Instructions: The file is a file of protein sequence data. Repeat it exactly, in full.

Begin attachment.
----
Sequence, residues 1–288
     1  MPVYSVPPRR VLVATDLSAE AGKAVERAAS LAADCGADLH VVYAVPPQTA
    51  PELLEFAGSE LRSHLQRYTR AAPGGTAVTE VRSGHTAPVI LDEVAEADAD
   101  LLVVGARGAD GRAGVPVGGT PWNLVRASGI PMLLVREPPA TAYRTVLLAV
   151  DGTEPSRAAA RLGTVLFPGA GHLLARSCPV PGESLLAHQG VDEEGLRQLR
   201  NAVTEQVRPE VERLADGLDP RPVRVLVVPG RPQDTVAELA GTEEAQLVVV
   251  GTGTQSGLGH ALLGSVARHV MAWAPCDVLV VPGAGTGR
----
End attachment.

Sequence, residues 1–288
     1  MPVYSVPPRR VLVATDLSAE AGKAVERAAS LAADCGADLH VVYAVPPQTA
    51  PELLEFAGSE LRSHLQRYTR AAPGGTAVTE VRSGHTAPVI LDEVAEADAD
   101  LLVVGARGAD GRAGVPVGGT PWNLVRASGI PMLLVREPPA TAYRTVLLAV
   151  DGTEPSRAAA RLGTVLFPGA GHLLARSCPV PGESLLAHQG VDEEGLRQLR
   201  NAVTEQVRPE VERLADGLDP RPVRVLVVPG RPQDTVAELA GTEEAQLVVV
   251  GTGTQSGLGH ALLGSVARHV MAWAPCDVLV VPGAGTGR